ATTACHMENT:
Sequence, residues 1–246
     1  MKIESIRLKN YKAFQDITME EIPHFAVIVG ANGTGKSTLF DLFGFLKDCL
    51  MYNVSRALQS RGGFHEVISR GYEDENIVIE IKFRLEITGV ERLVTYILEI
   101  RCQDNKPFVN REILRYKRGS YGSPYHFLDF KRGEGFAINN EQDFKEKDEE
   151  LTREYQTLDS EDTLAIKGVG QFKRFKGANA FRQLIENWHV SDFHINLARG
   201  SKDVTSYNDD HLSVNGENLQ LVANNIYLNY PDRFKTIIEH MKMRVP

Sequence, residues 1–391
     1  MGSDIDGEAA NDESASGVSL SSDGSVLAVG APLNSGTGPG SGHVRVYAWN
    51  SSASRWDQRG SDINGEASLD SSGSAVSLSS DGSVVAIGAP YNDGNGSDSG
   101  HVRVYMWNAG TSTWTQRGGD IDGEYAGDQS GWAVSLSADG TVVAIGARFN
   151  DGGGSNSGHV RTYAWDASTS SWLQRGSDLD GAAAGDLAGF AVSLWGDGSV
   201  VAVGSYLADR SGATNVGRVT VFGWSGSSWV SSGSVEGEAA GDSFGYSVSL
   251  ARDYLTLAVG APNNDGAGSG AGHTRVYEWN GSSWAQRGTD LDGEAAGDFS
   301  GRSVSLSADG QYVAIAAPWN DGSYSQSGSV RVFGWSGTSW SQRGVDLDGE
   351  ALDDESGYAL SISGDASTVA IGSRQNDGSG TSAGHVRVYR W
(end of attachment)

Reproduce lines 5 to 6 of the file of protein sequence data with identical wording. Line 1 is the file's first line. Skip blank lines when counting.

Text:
   151  LTREYQTLDS EDTLAIKGVG QFKRFKGANA FRQLIENWHV SDFHINLARG
   201  SKDVTSYNDD HLSVNGENLQ LVANNIYLNY PDRFKTIIEH MKMRVP